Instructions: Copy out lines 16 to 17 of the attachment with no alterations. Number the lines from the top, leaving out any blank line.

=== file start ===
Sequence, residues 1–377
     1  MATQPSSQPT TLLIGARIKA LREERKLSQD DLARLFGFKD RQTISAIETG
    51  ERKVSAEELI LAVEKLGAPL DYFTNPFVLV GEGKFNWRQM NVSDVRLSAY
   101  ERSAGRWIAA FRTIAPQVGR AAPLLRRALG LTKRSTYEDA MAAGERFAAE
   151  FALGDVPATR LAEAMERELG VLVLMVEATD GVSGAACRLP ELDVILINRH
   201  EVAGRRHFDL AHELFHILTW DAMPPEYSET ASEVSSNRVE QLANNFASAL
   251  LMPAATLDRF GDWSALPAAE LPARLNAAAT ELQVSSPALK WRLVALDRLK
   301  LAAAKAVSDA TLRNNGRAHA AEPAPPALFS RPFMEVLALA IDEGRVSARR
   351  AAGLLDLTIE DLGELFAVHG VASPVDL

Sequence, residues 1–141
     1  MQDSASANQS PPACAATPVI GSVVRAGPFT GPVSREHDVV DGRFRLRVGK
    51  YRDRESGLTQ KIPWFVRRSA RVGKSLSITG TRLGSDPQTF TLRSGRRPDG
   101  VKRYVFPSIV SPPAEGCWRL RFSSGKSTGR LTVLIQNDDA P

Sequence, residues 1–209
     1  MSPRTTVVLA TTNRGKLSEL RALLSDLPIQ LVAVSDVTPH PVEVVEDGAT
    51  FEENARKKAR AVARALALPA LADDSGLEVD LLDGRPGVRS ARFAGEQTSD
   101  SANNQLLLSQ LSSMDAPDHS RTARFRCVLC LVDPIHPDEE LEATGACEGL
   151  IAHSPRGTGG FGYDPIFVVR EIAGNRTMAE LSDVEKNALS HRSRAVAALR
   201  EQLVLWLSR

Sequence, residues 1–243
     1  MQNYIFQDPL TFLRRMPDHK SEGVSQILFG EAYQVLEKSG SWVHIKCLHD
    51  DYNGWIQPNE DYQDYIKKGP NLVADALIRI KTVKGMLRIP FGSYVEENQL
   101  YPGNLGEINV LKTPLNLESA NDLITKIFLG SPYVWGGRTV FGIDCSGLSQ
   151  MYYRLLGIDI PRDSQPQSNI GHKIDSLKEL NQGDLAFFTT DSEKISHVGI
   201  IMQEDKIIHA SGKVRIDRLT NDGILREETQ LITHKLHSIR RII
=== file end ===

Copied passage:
    51  FEENARKKAR AVARALALPA LADDSGLEVD LLDGRPGVRS ARFAGEQTSD
   101  SANNQLLLSQ LSSMDAPDHS RTARFRCVLC LVDPIHPDEE LEATGACEGL